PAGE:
Empirical evaluation papers evaluate existing software challenges or critically validate current proposed solutions with scientific means, i.e., by empirical studies, controlled experiments, rigorous case studies, simulations, etc. Scientific reflection on problems and practices in the software industry also falls into this category. Empirical evaluation papers can be 15-18 pp llncs.cls (excluding bibliography). Additional material intended for reviewers but not for publication in the final version may be included in a clearly marked appendix.

New Ideas and Emerging Results (NIER) papers (new in 2022!) seek to disrupt the status quo with forward-looking, thought-provoking, innovative research on the foundations of software engineering, as well as lessons learned from the past. Our aim is to accelerate the exposure of the ETAPS community to early yet potentially ground-breaking research results, and to techniques and perspectives that challenge the status quo. To broadly capture this goal, the NIER track at FASE 2022 will publish the following types of papers:

  • Innovative or groundbreaking new ideas at early stages of research, supported by promising initial results and intuitions;
  • Visions of new directions: synergies with other fields or foundational approaches to problems that currently lack foundations in software engineering;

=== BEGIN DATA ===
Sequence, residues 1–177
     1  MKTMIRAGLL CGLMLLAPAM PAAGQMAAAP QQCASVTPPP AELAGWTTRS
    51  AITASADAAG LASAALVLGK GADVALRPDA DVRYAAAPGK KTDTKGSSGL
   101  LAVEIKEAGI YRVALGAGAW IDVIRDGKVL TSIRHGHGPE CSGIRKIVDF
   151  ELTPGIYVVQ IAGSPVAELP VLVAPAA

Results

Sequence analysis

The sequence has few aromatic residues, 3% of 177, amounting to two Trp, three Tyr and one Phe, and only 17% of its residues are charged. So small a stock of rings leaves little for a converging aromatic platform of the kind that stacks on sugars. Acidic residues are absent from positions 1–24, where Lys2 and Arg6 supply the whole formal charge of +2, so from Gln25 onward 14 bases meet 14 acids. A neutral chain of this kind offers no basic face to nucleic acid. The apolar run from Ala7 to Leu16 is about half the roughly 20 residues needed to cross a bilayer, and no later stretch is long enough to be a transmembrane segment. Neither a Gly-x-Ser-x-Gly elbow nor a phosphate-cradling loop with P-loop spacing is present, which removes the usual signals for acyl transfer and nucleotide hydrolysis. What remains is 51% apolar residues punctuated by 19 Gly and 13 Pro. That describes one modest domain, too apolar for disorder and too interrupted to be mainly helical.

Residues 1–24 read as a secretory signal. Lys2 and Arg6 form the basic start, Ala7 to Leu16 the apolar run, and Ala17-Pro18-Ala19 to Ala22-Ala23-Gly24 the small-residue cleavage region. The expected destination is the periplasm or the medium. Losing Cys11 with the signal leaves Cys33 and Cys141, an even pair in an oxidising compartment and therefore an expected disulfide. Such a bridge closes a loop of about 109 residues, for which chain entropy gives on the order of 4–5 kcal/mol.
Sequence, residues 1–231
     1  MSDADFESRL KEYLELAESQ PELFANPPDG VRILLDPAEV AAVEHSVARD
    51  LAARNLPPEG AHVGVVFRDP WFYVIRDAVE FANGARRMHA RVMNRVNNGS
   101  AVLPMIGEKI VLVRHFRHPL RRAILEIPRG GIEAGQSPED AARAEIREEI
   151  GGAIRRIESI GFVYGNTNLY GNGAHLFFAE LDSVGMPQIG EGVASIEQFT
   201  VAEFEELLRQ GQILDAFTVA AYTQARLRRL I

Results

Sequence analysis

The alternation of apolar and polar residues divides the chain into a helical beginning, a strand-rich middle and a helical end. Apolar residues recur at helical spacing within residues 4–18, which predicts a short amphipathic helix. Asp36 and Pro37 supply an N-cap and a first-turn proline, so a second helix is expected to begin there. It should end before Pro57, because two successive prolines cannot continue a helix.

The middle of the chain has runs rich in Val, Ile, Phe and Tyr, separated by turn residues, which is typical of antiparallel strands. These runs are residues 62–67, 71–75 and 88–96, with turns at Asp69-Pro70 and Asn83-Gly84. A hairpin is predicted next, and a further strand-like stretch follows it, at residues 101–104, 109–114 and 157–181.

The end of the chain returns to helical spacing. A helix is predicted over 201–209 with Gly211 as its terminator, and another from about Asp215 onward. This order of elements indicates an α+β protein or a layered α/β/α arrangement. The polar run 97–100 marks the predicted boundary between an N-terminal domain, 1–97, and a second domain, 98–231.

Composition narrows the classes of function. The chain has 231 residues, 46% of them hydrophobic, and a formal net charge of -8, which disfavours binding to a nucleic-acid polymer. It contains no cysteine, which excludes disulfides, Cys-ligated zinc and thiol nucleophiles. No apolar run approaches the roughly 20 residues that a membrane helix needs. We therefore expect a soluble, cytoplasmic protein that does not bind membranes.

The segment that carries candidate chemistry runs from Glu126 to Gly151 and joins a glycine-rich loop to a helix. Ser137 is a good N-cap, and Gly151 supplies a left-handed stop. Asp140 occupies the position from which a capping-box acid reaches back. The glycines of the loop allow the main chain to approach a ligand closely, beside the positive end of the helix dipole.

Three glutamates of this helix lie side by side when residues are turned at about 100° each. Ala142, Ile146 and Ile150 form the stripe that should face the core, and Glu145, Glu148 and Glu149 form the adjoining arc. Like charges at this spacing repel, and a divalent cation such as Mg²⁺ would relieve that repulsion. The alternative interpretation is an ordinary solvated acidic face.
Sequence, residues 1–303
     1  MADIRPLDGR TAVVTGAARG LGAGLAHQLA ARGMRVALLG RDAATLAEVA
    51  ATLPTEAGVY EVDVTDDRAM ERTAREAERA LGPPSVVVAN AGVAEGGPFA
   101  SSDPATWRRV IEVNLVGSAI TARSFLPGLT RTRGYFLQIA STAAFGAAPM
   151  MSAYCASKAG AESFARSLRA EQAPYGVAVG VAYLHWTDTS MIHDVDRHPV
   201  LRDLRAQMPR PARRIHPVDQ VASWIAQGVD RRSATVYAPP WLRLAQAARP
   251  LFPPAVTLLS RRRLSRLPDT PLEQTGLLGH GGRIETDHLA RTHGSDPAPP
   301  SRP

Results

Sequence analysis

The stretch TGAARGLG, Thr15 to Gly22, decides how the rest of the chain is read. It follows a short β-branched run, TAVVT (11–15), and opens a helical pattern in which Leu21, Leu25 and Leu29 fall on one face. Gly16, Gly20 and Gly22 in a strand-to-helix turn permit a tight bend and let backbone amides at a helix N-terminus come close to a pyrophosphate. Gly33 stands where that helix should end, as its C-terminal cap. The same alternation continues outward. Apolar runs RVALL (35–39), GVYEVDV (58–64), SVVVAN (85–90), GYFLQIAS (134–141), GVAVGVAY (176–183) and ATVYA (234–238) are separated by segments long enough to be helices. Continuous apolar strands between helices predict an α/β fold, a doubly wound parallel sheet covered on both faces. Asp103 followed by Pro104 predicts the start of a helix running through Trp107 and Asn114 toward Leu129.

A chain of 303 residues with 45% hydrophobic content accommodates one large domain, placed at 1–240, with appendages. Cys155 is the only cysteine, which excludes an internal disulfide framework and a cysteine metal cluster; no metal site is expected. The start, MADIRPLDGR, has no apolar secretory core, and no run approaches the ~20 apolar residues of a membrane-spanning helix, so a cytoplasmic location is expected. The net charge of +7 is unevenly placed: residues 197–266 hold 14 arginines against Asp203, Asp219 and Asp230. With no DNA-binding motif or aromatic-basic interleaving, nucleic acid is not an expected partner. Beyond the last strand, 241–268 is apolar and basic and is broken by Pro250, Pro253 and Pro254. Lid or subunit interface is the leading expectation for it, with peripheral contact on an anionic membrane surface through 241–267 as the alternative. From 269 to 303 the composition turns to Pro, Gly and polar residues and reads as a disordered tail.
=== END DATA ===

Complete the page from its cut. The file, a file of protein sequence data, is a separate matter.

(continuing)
• Lessons from the past: thoughtful observations on past or current research directions that may be somehow misguided or that let us see current research directions from a new perspective.

NIER papers are expected to be 6-8 pp llncs.cls (excluding bibliography). NIER papers will be assessed primarily on their level of originality, relevance, and potential for impact on the field in terms of promoting innovative thinking. Hence, inadequacies in the state-of-the-art and the pertinence, correctness, and impact of the idea/vision/lesson must be described clearly. A full evaluation is not required for FASE NIER papers, but preliminary evaluation results may help the reviewers understand the scope of the work better.

Tool demonstration papers present a new tool, a new tool component, or novel extensions to an existing tool. They should provide a short description of the theoretical foundations and emphasize the design and implementation concerns, including software architecture. The paper should give a clear account of the tool's functionality and discuss the tool's practical capabilities with reference to the type and size of problems it can handle. Authors are strongly encouraged to make their tools publicly available, preferably on the web. Experimental evaluation is not required, however, a motivation as to why the tool is interesting and significant should be provided. Tool demonstration papers can have a maximum of 6 pp llncs.cls (excluding bibliography). They should have an appendix of up to 6 additional pages with details on the actual demonstration.

Artifact submission and evaluation

Authors of accepted papers may submit an artifact after notification. The artifact will be evaluated by the artifact evaluation committee (AEC) independently of the paper according to the following criteria: